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Battalion’s operations continue in Gharmah

9 May 2006 | Cpl. William Skelton

Marines are finding that one of the most essential elements in preventing insurgent activity is the simple but effective method of providing a visible presence to the population. 

Marines from A Company, 1st Battalion, 1st Marine Regiment put this method into action by conducting foot patrols and vehicle checkpoints here May 9.

“This part of our mission is important,” said Cpl. Erick J. Pertz, a 25–year-old infantryman from Stillwater, Minn. “It is one of the many ways we can stop the flow of weapons from getting in the hands of insurgents.”

The Marines departed their base near Gharmah and established a forward patrol base from which they conducted their operations.

“We operate out of these locations for however many days we will be in the AO,” said Staff Sgt. Rolando C. Viado, the 34-year-old platoon commander from Sacramento, Calif.

One squad set up security at the patrol base while another squad prepared for their mission. Once things were in order, the Marines set out to conduct their patrol and establish vehicle checkpoints.

“Our goal is to disrupt the flow of the insurgency,” said Lance Cpl. Richard H. Pries, a 29-year-old mortarman from Baltimore, Md.

The Marines set up a checkpoint once they located a site that provided adequate security and a good view of the area. They placed signs and road cones to direct the Iraqi people into the checkpoint.

“We place the cones at the right distances for us to be able to control the flow of vehicles that come up for inspection,” Pries said. “Once the vehicles are in, we ask the passengers to exit the car and then conduct a search.”

Young and old alike exited their cars and willingly allowed the Marines to search their vehicles. The Marines also performed ‘pat downs’ of the male citizens to ensure the locals weren’t carrying illegal weapons on their person.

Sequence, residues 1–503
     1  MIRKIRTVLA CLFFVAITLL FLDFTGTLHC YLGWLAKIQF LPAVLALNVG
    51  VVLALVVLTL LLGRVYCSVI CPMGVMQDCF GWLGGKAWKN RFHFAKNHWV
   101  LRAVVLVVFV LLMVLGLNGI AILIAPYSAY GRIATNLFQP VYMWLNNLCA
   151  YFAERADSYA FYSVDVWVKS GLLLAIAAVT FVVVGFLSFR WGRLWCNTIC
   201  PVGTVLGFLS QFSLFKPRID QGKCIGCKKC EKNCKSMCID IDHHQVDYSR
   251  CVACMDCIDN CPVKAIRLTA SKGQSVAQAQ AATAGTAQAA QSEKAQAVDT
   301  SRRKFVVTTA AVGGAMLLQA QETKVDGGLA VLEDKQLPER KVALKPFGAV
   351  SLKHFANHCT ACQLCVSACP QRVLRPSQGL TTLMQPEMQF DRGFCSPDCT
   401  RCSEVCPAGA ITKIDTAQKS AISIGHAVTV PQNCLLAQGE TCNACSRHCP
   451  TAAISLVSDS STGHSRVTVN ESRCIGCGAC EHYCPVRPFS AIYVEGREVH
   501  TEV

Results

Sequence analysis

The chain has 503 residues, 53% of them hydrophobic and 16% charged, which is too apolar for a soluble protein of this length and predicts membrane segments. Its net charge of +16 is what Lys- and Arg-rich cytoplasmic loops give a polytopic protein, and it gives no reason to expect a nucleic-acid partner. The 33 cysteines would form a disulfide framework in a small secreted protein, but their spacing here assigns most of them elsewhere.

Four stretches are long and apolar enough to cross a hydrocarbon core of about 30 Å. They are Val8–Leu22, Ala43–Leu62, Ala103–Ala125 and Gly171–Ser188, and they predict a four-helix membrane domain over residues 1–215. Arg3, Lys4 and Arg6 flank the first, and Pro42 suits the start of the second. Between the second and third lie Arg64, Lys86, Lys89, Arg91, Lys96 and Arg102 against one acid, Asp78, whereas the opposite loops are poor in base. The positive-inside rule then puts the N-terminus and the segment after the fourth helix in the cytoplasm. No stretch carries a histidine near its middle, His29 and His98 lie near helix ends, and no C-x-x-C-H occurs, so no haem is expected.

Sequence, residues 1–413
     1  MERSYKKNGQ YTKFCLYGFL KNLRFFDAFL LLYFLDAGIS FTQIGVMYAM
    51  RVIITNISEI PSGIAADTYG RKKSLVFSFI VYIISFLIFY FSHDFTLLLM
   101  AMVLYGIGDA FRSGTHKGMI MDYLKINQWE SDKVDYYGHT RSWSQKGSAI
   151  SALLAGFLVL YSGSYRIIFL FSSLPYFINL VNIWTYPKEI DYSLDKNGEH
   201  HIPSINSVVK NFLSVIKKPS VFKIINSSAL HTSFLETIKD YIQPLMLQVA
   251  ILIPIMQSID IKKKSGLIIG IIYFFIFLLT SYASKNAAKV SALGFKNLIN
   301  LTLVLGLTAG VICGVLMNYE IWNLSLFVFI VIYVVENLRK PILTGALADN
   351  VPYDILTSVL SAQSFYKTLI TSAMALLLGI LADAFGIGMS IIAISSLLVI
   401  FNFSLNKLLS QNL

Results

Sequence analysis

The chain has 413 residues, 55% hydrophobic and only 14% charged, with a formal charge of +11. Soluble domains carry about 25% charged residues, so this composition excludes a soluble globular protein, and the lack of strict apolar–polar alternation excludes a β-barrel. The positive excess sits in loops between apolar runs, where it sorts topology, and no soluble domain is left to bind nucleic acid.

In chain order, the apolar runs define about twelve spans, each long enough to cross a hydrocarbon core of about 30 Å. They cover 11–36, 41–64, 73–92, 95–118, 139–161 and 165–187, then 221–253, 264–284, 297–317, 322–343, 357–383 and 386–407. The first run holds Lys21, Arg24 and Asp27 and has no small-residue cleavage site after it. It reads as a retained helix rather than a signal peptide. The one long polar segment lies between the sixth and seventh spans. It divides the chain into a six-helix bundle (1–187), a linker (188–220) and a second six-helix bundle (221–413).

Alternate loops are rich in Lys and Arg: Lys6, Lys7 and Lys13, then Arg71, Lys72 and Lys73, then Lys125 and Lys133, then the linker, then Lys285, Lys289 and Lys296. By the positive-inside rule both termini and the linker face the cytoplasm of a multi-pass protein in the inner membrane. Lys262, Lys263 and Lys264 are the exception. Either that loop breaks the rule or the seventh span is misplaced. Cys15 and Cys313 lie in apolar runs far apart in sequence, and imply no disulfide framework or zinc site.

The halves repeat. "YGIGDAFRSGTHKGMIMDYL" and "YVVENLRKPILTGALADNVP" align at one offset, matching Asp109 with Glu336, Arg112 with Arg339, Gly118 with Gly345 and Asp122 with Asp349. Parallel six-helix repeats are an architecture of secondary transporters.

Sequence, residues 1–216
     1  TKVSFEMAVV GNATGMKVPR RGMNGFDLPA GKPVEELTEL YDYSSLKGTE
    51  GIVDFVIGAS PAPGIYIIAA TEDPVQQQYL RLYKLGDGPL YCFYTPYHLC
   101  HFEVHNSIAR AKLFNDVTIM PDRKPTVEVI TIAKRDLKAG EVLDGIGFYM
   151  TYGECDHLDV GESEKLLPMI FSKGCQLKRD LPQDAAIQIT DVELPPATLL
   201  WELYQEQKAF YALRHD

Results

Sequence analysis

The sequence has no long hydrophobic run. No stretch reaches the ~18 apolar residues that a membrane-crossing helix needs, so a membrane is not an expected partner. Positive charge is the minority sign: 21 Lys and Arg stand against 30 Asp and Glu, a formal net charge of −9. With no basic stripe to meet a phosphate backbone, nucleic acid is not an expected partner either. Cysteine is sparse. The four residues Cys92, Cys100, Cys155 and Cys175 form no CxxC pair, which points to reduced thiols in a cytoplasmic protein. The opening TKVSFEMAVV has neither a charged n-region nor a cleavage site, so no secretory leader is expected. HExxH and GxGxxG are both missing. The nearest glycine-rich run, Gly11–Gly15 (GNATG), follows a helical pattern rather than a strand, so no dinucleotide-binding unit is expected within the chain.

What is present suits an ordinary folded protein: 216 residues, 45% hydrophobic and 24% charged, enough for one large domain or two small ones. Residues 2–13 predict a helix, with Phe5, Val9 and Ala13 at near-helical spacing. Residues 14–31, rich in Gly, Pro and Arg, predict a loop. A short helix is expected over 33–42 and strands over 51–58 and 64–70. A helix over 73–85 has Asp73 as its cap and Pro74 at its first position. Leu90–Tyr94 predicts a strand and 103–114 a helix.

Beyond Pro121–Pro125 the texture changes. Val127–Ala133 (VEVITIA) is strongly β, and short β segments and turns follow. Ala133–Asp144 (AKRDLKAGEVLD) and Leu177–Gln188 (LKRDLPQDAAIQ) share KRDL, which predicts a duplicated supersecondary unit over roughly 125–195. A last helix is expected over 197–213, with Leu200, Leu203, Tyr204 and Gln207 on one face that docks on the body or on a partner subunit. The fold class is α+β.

“We are not here to harass the people,” Pertz said. “We are here to help and this is one of the ways that we can stop weapons from flowing in and out of the area.”

The Marines didn’t locate any insurgents or discover any weapons during this vehicle checkpoint.  However, the fact that there were no suspected insurgents and that the locals feel safe enough to travel unarmed, could be interpreted as a sign that security is improving in the area.   

By conducting the vehicle checkpoints at random times and in various locations, Marines never know what they will discover.

“We haven’t gotten any high-value targets in my squad,” Pries said. “But other squads in the company have while conducting VCPs.”

Some of the residents were reluctant to approach the checkpoint while others eagerly moved through. All followed procedures and allowed the Marines to do their job.

“I am sure some people don’t like having to do these VCPs,” Pertz said. “But I know there are those who are glad to see us patrolling the area, keeping their country safe.”